I found it interesting how you talk about how many women in heterosexual relationships think it's the responsibility of a man to give them sexual pleasure. I think in a way we are taught that from an early age. What, in your opinion, could change about how we learn about sex from a young age that could empower women to take responsibility for their own sexual pleasure?

The way that young people learn about sex — if indeed they're lucky enough to actually learn about sex in this country — tends to support the idea that men and women are very different animals. While sex ed curricula are likely to go into the biology and mechanics of male arousal and ejaculate — presenting these as natural phenomena because they're necessary to the continuation of the species — there is rarely any corollary discussion of female desire or arousal; female sexuality is presented in terms contoured mainly by reproduction or risk. Furthermore, young people learn about the vagina as the female sex organ, and correlate to the penis. Far less frequently do they learn about the clitoris, whose sole function is providing pleasure to its owner.

Basic amendments to the way we present human sexuality and anatomy would go a long way towards empowering women and helping both women and men approach sexuality as a mutually gratifying exchange.

What do you think needs to change about how society approaches trying to "fix" a woman's low libido?

The market for fixing women's libido is really booming these days, and that is positive in some respects: it does suggest that women's desire is being seen as a legitimate issue and that women deserve to feel more and want more. But on the other hand, the way the market is structured tends to mirror all the other ways women are relentlessly told that they need to change and aspire to ever better versions of themselves. I think, overwhelmingly, the market offerings, from books, to workshops, to online tutorials, to pills, and creams, and even surgeries, extend the notion that women, as a class, are essentially improvement projects. They should never drop their guard, they should always gaze upon themselves with a critically appraising eye. Am I too fat, too thin, too sad, too disinterested, too horny? Do I like sex enough. Good god, am I having enough of it?  And in the realm of libido and sexuality the impulse to insistently tweak and improve gets portaged a bit deeper into women's bodies and psyches.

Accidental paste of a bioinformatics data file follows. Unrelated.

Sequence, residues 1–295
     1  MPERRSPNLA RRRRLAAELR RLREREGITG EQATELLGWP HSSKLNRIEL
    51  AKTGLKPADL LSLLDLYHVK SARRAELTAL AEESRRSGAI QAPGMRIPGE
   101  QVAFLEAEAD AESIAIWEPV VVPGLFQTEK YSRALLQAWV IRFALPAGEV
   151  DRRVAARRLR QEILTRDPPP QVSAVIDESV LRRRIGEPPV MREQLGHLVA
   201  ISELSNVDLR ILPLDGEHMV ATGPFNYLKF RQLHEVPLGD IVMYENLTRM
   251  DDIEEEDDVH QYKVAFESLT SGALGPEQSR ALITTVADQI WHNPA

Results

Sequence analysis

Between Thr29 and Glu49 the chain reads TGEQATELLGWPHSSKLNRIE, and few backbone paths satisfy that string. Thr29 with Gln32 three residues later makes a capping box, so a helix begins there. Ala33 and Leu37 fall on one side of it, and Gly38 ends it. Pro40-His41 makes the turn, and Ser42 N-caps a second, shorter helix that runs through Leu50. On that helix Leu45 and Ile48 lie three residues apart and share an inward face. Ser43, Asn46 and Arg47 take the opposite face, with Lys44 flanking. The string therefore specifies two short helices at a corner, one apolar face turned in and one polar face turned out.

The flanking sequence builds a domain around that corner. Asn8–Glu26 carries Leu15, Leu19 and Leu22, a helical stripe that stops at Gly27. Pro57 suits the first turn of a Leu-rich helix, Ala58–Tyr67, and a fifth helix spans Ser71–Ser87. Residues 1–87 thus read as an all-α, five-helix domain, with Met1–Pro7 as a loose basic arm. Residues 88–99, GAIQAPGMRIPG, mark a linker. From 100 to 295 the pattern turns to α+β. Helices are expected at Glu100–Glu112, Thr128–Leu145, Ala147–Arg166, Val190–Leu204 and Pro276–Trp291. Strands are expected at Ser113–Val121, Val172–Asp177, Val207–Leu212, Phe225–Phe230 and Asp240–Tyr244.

As I said before, chances are there's nothing "wrong" with a woman's libido. Rather, it's her circumstances that warrant some improvement — whether that's getting help with the household division of labor, or helping her partner learn to really listen when she's expressing what she wants. So I think the first step here is chucking the idea that women's libido should be fixed at all. If she deems it low, that's probably a symptom of other matters being awry.

The sex industry, like porn and sex-adjacent services, is still so such a man's world. Do you think that will ever be able to change? And if so, do you think women would benefit if it was more inclusive?

There is a growing volume of porn and erotica produced by women. Some of it is explicitly feminist or at least tries deliberately to challenge crude, violent and wearied tropes, but some of it is just more violent material produced by women. I think that for women who enjoy porn and erotica it would be hugely beneficial to have more offerings available, so that they're not masturbating, like so many men are, to really repetitive scenes of their own objectification. But I also think we're overdue for a bold reimagining of the genre, to take it beyond closeups of plumbing and incorporate a wider range of imagination, which is where eroticism resides.

By Nicole Karlis

Nicole Karlis is a senior writer at Salon, specializing in health and science. Tweet her @nicolekarlis.